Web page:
K.R.I.T. and Kristmas also embody the "I may not get there with you" perspective that I attributed to OutKast's conscious rap superstar status in the second part of this series. There's a constant sense that both of these guys are checking themselves in their raps, like their own flaws and foibles are not too far from their frustrations with everybody else. Kristmas doesn't try to suggest that keeping on the straight-and narrow is easy. Album opener "Something Wrong," finds him burdened by his outsider status: "Niggas been rapping about trapping for so long, by having a job it feels like I've been doing something wrong." On "My Bizness" Kristmas admits, "Yeah, I live in the mall and frequent the strip club / I like fat ass and gettin' my dick sucked"; one skit finds him in jail for a DWI (he's also part of hedonistic Huntsville side project DB49). When he's not preaching a wizened, moderate philosophy, he's confessing to buying too much shit, womanizing, and drinking a lot.

Even on the overtly conscious Return Of 4Eva, K.R.I.T. reveals a passion for cars and jewelry that he celebrates and bemoans Kanye-style ("Mama I made it, I got my chain now," he proclaims on "Free My Soul"), and he isn't above admitting to, well, fucking girls like every other dude. "Shake It" finds him getting some road head and "Get Right" engages in the usual paranoid "girls want my money" cliches. The song's almost a parody of hisrallying-cry raps, since a glance at the title might lead you to think it's a demand for us all to to get our acts together. Instead, it's a hedonistic DJ Quik-esque shout to "Get right, all night."

Return Of 4EVa answers its late-album run of haunting introspection ("Another Naive Individual Glorifying Greed and Encouraging Racism," "Free My Soul," "The Vent") with a remix of K.R.I.T. Wuz Here's "Country Shit." It's straight-up loud, ignorant rap song for the club, now handed over to Ludacris and UGK's Bun B, and it's K.R.I.T.'s best shot at a radio hit and a reminder that he can be less than sanctimonious. Sometimes, just like the rest of us, conscious rappers wanna wild the fuck out too. And though that should be obvious, it's something that the scene long ago chose not to embrace -- and it's a refreshing sign of progress.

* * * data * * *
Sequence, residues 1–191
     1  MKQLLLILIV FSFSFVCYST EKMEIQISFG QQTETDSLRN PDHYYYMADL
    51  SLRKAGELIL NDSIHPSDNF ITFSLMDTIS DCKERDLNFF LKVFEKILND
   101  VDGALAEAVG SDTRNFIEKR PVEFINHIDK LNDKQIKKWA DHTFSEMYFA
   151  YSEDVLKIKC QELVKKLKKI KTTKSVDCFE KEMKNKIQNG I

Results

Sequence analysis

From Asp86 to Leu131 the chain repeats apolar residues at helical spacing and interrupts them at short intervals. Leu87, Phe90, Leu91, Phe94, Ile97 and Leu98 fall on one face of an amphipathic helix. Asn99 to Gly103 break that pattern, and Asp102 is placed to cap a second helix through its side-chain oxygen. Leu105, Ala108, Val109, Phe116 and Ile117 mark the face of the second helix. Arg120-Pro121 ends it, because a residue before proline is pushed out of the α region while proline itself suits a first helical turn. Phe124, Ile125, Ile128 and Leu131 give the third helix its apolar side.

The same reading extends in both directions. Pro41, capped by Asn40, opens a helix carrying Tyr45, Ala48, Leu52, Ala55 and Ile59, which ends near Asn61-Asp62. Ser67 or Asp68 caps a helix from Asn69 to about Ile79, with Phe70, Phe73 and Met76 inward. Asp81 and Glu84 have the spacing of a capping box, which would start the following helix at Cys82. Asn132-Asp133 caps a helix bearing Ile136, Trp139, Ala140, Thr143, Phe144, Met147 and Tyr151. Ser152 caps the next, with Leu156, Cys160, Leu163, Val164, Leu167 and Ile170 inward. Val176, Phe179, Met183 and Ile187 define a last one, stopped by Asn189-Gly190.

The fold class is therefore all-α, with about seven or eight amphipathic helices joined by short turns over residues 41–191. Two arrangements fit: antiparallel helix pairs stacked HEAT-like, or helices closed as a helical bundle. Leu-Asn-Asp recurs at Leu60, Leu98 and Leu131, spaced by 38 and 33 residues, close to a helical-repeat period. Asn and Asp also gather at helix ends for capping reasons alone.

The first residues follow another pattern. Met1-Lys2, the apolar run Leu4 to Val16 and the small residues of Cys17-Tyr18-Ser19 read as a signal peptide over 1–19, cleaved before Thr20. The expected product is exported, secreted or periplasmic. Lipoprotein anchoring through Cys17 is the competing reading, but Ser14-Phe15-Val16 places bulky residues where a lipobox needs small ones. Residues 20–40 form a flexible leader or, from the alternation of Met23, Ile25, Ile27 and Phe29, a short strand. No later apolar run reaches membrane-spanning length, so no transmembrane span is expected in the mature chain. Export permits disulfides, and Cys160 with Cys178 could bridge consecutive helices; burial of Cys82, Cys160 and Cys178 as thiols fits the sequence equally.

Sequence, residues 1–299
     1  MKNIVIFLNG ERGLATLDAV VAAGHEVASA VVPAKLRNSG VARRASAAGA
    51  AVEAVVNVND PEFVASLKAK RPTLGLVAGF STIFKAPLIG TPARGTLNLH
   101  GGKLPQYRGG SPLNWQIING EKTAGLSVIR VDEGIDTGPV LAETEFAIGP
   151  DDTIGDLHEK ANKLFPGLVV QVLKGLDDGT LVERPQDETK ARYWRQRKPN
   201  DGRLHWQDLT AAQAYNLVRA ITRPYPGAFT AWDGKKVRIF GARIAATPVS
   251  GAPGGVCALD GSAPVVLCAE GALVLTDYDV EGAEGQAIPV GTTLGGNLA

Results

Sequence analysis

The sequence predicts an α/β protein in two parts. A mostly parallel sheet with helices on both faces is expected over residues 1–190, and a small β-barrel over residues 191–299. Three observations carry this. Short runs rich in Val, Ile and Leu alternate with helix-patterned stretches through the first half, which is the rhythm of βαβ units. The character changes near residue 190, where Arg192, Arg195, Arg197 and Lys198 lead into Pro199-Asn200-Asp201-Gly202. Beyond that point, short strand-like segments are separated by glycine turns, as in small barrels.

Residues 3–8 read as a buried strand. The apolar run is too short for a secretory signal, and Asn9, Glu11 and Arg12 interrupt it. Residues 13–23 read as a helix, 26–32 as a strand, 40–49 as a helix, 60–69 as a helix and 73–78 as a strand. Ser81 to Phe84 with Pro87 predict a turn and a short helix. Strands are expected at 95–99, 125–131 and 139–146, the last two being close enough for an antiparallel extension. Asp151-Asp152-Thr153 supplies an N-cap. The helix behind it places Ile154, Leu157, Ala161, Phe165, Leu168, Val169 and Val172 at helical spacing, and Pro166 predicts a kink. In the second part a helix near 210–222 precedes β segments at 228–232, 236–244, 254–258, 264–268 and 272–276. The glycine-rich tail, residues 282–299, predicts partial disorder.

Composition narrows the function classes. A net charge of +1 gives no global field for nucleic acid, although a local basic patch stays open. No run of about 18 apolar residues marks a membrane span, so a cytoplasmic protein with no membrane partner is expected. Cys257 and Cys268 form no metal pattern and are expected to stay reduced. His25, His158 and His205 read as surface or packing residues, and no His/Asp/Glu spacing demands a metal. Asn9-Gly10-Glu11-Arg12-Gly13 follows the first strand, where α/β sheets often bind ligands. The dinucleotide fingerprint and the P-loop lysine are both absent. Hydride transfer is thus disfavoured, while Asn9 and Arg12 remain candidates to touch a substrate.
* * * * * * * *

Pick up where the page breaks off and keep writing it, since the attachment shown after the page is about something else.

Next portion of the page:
Neither of these rappers hails from a conventional hip-hop hub either, and provincialism is particularly important to conscious rap's next wave.K.R.I.T., a native of Meridian, Mississippi, and Kristmas, born in Shorter, Alabama but now living and working in Huntsville, aren't slightly outside the mainstream--they're from places that A&Rs aren't investigating at all. These guys can deploy a certain rhetorical authority by being both so far off the music-industry grid, and yet, still so no-nonsense. If rappers from Atlanta, ground zero for mainstream hip-hop, fall back on their tough upbringing and lack of opportunity as the reason for their crack-slinging (and also, why they now rap about it), well what's stopping a Mississippi kid and a cell-phone salesman from Alabama from exploiting their backgrounds?

On "Y U Mad," Kristmas references his hometown of Shorter when he speaks to his peers who have chosen a life of crime. "Google Shorter and you'll see that we had equal opportunity," he lectures, and then entertains his shit-talking side, declaring, "it's survival of the realest," taking back that term back from its tough-guy, gangsta-rap context. For Kristmas, "real" means going legit and working hard. Kristmas entertains more conventional "positive" conscious rap ideas, such as staying faithful on "My Good Thang" and body image on a punk-rock rap called "Society Sayz," featuring a riot grrl-like guest verse from female rapper S.L.A.S.H. But he's most challenging when he launches into his "C'mon people!"-like critiques.

K.R.I.T.'s at his best when he overturns conscious rap expectations too. "Another Naive Individual Glorifying Greed and Encouraging Racism" is a didactic screed against bowing to lowered expectations. The song evokes a vision of K.R.I.T. walking through his neighborhood, shaking his head, bummed out by all theknuckleheads; but then his thoughts angrily spiral out to the institutions that don't give a fuck about anybody in the hood. "Tell the government...tell them white folks...tell them black folk," K.R.I.T. declares, "I don't wanna be another nigga." There's no holding back and the song is as affecting it is uncomfortable.

What's so important about these particular sentiments is that they aren't all that different, generally speaking, from what black conservatives like Shelby Steele or Stanley Crouch have said over the years. And so, the conservative raps of K.R.I.T. and Kristmas are as much of a challenge to liberal hip-hop fans as to their intended d-boy audience. A lot of what these guys say, which is very much unconcerned with political correctness, isn't so easy for anybody to hear. Preaching to the converted has long been the bane of conscious rap's existence, and it bodes well for the future to hear two rappers finally transcend the most nagging criticism of the scene.